TOPEKA — Gov. Sam Brownback said Thursday he signed a school finance bill that lawmakers hope will satisfy the Kansas Supreme Court’s order to develop a more equitable education funding system.
The court likely will now order a new round of arguments as it seeks to render a verdict on the bill in a matter of weeks. Opponents have vowed to fight the legislation, but House Bill 2655 resulted from a “delicate legislative compromise,” Brownback said.
The court had given the Legislature a June 30 deadline to comply with its ruling, opening the possibility it could order schools shut if lawmakers failed to act. The governor, like many lawmakers, framed the bill as designed to keep schools open.
“I have signed Senate Substitute for House Bill 2655 because I want to keep our schools open and ensure our students continue to have access to a quality education,” Brownback said.
“I would remind those who criticized this bill as a ‘product of politics,’ that it is indeed the job of the Legislature to address these issues. The Legislature consists of 165 elected representatives of the people. I do not take their judgment lightly. This bill is the result of a delicate legislative compromise — one that I respectfully endorse and that the Court should review with appropriate deference.”
House Bill 2655 seeks to address a February court ruling striking down the state’s school finance formula as unconstitutionally inequitable between rich and poor districts. The bill applies an old formula used to determine capital outlay state aid to local option budget state aid and adds hold-harmless funding for districts that would lose cash under the change.
The governor’s office announced the bill signing Thursday. A signing statement from the governor indicates he signed the bill into law on Wednesday. About $80 million is affected by the legislation, out of more than $4 billion in annual education spending.
The bill passed the House 93-31 and the Senate 32-5.
Lawmakers approached House Bill 2655 like few others. The Legislature hired an attorney to help it create a record of proceedings. Transcripts of committee hearings, including one where an attorney questioned witnesses, are meant to more clearly show the court how the Legislature arrived at its decision.
Attorney General Derek Schmidt filed the Legislature’s response with the Supreme Court on Thursday. Schmidt asked the court to act quickly to avoid any possible school closure. The filing is more than 700 pages long.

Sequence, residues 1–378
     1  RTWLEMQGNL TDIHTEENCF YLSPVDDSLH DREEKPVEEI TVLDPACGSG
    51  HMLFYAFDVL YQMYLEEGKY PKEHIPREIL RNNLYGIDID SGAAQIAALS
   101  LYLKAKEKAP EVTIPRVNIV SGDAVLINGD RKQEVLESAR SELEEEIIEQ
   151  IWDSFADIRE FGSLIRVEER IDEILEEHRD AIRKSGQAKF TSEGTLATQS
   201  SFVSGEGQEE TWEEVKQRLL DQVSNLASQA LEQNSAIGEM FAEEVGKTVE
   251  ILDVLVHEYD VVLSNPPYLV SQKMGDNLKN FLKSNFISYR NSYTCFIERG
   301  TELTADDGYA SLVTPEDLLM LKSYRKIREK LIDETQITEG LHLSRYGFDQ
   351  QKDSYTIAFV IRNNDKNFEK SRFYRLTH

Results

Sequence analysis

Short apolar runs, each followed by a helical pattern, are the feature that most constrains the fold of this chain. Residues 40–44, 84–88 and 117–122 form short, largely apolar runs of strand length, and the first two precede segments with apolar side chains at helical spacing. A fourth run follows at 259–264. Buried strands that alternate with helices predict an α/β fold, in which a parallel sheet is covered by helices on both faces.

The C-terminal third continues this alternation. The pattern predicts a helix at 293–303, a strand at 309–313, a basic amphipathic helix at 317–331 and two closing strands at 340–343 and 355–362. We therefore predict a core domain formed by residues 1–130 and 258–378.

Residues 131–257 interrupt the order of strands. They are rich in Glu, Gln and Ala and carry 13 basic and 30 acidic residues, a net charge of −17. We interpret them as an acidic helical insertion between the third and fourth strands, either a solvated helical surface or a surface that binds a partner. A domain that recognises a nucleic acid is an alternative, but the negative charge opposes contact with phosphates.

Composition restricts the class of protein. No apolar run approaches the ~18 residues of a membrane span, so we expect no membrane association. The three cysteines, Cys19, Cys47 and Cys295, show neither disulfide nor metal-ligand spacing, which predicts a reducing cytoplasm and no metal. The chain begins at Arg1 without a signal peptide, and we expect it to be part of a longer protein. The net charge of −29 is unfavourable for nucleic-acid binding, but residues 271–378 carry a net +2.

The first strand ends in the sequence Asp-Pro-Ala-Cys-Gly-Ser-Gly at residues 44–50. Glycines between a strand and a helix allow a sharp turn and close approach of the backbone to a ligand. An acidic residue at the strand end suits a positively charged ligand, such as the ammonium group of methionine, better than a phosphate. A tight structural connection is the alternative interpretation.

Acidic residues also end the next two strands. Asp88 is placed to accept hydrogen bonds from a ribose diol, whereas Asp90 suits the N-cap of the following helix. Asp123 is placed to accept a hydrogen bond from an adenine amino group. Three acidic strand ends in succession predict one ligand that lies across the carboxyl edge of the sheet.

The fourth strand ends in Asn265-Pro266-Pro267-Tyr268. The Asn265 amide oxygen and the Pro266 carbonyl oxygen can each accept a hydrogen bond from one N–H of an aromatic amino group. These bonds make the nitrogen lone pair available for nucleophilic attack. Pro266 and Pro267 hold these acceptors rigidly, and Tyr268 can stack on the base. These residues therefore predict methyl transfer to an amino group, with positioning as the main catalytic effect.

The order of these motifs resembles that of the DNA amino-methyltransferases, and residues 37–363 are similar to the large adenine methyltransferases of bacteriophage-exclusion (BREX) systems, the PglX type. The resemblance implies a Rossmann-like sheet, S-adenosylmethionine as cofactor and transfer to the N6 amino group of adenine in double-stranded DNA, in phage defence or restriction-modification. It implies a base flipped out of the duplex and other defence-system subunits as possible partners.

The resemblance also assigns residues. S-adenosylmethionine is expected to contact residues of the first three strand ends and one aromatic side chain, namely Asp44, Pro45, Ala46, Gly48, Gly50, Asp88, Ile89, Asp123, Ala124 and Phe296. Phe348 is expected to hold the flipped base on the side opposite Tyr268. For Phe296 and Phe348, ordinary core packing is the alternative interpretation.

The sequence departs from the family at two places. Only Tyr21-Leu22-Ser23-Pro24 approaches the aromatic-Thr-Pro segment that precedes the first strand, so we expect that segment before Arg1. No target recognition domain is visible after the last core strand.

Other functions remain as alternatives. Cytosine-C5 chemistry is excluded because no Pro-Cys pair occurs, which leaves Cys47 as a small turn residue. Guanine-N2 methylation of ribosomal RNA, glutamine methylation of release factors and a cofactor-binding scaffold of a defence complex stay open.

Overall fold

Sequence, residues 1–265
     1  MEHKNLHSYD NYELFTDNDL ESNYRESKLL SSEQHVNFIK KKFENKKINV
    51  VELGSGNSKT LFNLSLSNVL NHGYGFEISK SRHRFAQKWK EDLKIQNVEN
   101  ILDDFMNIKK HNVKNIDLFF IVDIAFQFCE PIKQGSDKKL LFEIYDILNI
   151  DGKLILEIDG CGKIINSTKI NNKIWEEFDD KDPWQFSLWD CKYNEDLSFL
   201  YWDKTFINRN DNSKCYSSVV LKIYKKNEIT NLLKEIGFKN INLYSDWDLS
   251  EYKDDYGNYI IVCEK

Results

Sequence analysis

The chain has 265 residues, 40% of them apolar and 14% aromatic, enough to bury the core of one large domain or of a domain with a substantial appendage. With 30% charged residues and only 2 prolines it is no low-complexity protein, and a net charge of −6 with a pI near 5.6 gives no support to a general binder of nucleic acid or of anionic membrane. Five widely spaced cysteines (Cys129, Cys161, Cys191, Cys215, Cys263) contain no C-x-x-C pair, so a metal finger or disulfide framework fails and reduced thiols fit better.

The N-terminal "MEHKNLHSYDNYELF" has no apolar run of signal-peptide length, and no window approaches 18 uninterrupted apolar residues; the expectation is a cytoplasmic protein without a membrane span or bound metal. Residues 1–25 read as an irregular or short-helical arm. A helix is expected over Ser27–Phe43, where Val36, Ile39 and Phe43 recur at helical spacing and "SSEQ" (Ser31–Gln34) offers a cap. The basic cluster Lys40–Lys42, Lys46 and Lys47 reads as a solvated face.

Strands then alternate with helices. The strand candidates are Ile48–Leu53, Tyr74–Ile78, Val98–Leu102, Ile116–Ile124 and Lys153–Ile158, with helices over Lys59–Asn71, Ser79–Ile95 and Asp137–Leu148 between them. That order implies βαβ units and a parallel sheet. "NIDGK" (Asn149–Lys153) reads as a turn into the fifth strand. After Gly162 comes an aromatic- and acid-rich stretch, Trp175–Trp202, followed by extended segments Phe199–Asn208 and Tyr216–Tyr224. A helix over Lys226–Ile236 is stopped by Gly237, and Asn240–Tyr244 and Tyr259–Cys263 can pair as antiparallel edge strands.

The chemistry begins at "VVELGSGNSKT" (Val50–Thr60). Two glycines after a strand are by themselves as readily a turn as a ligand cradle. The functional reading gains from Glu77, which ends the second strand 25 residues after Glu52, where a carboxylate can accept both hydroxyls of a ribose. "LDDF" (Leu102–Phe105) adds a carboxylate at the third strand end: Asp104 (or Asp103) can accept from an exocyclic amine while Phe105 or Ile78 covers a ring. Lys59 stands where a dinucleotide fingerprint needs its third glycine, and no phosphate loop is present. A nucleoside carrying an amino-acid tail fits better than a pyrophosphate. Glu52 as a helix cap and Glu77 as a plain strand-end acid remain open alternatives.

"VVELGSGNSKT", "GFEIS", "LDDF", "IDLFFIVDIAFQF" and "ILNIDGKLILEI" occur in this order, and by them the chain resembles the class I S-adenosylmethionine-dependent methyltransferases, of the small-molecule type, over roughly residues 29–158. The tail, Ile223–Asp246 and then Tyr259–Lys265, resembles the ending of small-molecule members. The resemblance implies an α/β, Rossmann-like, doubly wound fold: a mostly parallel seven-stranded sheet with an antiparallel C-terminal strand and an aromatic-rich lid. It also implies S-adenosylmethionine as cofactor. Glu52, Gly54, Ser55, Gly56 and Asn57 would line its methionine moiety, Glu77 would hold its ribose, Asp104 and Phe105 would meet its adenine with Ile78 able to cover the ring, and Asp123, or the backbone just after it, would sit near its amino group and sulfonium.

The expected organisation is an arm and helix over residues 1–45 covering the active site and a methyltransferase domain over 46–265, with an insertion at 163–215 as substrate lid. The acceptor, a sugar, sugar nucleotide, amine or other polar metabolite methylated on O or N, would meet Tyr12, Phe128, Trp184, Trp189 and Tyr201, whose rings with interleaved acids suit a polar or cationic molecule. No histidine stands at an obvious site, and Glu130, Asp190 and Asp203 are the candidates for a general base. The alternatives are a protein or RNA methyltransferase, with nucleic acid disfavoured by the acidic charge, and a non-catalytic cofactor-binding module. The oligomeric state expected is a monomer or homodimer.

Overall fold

Brownback, in his signing statement, said the information should assist the court in understanding the “deliberative process as it occurs in the Statehouse, as well as all of the data and material that informs the decisions of individual legislators.”
A constitutional protest filed by Democrats after passage of the bill also is part of the record the justices may review. The protest slammed the bill as a “product of politics” — a label Brownback rejected in signing the bill.
“The school finance bill Gov. Brownback has now signed into law is yet another example of his ‘Robin Hood in Reverse’ political ideology,” said Senate Minority Leader Anthony Hensley, D-Topeka. “The governor’s rubber-stamp Legislature has passed a bill that does absolutely nothing to fix the school equity crisis they created.
“Instead, they have chosen to reward wealthy school districts at the expense of poor school districts, risking school closures next school year.”
The ruling came as part of an ongoing lawsuit known as the Gannon case. The plaintiffs include a number of school districts. Additional rulings on the adequacy of educational funding could come next year.
The legislation signed by Brownback puts little additional state dollars toward education. Alan Rupe, an attorney for the plaintiffs in the Gannon lawsuit, called the bill a “slight of hand.”
“What they did was beyond our worst fears. They in fact made the system worse. They left the valleys where they were and gave the potential to raise the mountaintops,” Rupe said, referring to poorer and richer districts.
The bill includes $2 million in new funding, but takes it from the already-existing extraordinary needs fund. Rupe said the Legislature was simply shuffling money.
“It’s not even robbing Peter to pay Paul, it’s robbing Paul to pay Paul,” Rupe said.
Rupe said he anticipates the court could rule on the constitutionality of the bill by early May. Schmidt, in a filing with the court, requested oral arguments take place shortly after April 29 if needed.
The Kansas Association of School Boards said it hopes the state’s high court rules quickly. The association indicated that if the bill is struck down, legislators need to tackle the issue as quickly as possible to avoid a potential closure of schools this summer.